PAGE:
Enjoyable? Hum, let's see, I enjoyed the story even though it was extremely sad and very hard to listen to at times but I wanted to heard every single word.
Yes because we take things for granted. It makes us realize how very small our troubles are compared to those who lived through what Sara and all the others did and that anyone survived is amazing.
Great book, I'm so thankful it was written as I know there are people who deny this ever took place or that it was greatly exaggerated. It couldn't have been easy to relive this as she told her story.
A Great job was done by all three people involved. Firstly for the courage of Sara Bernstein to share her story of such a tragic and terrible experience. Without People of her ilk we would not have as good understanding of what really went on at a deaper level. Also this book doesnt just succeed because of the story but also because it has been very written by the author and a great performance by the narrator. A very good book all round.
Listening to this book was almost painful at times - maybe because of the subject matter or maybe because it was a true story but it does an incredible job of not letting us ever forget the horrors of the Holocaust. How this remarkable woman survived and even more, was able to survive with her good heart and caring soul intact is beyond my understanding. The will to live is strong in all humans, but Sara's ability to survive is beyond measure. Everyone should read this book and never, ever forget what happened during this terrible time.
Words can not describe how courageous Sara Tuvel was. This book is heroic, humbling, sad, inspiring and courageous. Wanda McCaddon is a good reader, but sometimes I was a little annoyed how she used a childlike voice when speaking as a character or as young Sara Tuvel. She used this childlike voice with Sara's sisters and other friends. Unfortunately this voice made those characters somewhat less empathetic. This is just a slight complaint, this book was still 5 stars!
A 2 hour film would not do it justice.
Yes. It's amazingly well written and harrowing in its detail of personal suffering and overcoming of that suffering.
The scenes of the author riding on a bus in Bucharest and seeing men hanging on meat hooks in the town square... just so scary!
No. It's too much. It's very dark at times.
LOVE the accent!
This beautifully narrated story tells of an extraordinary woman who was determined to survive in spite of what the Nazis did to her and her family. Told in the first person, the listener gains detailed knowledge of what it was like for a Jewish woman to survive WWII. The narrator's accent in this reading gives the listener the feeling that you are literally listening to Sara herself.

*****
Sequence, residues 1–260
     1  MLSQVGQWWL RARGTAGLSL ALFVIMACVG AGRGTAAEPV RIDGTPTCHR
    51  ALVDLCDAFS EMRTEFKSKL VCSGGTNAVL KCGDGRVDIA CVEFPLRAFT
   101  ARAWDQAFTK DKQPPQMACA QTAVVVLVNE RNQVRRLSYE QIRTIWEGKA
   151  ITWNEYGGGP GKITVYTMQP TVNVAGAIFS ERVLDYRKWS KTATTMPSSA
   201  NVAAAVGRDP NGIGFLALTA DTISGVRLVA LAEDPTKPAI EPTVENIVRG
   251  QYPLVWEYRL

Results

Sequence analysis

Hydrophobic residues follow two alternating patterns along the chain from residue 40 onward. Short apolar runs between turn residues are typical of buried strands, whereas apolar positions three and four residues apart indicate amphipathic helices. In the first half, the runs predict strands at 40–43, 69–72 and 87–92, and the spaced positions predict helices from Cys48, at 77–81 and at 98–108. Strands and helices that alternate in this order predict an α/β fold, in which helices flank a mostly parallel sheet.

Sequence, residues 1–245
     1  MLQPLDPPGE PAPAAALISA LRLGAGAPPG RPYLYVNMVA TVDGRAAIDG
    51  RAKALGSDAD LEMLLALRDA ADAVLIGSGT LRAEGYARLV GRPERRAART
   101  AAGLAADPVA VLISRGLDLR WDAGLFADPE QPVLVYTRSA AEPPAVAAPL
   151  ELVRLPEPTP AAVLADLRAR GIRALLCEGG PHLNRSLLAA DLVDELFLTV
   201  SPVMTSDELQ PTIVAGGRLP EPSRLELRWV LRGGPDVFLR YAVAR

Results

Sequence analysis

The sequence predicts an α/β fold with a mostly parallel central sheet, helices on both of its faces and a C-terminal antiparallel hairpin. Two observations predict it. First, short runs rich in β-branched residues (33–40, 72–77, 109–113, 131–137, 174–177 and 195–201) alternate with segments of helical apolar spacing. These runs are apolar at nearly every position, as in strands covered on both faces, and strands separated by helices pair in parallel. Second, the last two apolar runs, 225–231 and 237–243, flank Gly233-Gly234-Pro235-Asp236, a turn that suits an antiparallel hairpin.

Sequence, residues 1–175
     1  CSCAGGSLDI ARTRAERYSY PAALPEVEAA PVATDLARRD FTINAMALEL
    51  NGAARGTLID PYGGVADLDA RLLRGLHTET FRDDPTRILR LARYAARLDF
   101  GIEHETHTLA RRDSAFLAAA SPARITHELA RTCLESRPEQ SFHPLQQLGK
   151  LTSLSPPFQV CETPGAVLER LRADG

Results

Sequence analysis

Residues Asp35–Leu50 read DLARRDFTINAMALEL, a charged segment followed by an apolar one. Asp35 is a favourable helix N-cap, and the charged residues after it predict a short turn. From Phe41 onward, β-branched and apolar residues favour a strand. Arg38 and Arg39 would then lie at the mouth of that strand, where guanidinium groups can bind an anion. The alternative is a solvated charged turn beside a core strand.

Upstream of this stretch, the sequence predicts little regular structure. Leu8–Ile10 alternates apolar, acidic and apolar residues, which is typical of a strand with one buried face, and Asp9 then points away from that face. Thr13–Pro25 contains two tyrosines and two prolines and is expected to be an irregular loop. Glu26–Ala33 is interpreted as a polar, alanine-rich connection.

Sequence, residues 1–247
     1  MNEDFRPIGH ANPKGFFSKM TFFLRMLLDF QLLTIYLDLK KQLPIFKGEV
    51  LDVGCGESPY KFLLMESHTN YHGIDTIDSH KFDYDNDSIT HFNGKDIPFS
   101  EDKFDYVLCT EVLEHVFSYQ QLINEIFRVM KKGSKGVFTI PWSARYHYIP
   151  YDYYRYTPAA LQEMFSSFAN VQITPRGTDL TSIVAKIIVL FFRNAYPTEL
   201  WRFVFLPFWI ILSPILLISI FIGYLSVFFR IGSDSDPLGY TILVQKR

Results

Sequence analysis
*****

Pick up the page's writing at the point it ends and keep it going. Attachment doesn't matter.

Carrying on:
So many things...Sara was such an incredible woman and the narration couldn't have been better.
It seemed as though Sara was telling the story.
Her strength and courage throughout.
Thank you so much to the family for writing this book and having it available on Audible!
A good listener!
This was an example of a woman who, despite the grimmest circumstances imaginable, always looked at the possibility of and for goodness. Well written, well narrated. I loved it.
I did not read print version.
Probably not...her accent was a little heavy for my liking.
The struggle to become well again when she was in hospital.
Retired CFO, Army wife, Mom of five, Grandma of six, two sons who served in combat, love to read books that reflect my values and faith, love mysteries, historical, military stories, and books that don't waste my time . . . if it doesn't have an ending that was worth the wait, I'm not a happy camper.
I gained an education on many levels while listening to this incredible book, one of the most descriptive accounts of life in concentration camps that I have ever read/heard. First of all, I did not know about Romania's involvement in WWII and that it joined with the Axis countries in the war (Germany, Japan, Italy). The persecution of the Jewish people began long before the war as young Seren and her siblings were routinely called "dirty jews" by their school mates, and it was ignored and accepted by her parents, who felt blissfully safe in Romania . . . even as the years, months and days grew near to the German invasion. I also first learned about the Hungarian invasion of Romania (near the border in Transylvania) from listening to The Seamstress. I was stunned to learn that part of Romania was split off from the rest and actually was reclaimed by Hungary, as Seren had to flee from Bucharest to her home near Transylvania, only to find it was surrounded by border guards. She got in. That was Seren. DETERMINED. She took the skills she had learned as a seamstress in Bucharest with her to Budapest, Hungary, where her blue eyes and light colored hair did not automatically mark her as a Jew. I never knew that Hungary was an Axis nation either until I listened to this book. Following Seren's journey from Romania to Hungary and then to Auschwitz in Germany, I was totally engrossed in her story. In telling it to her daughter-in-law, her biggest regret was the waste of all those years . . . not anger or bitterness . . . but what she could have done with her life if she'd had those years back. Oh, but what she DID for her sister, her future family, herself and for all humanity in surviving and LIVING through one of the darkest times in history.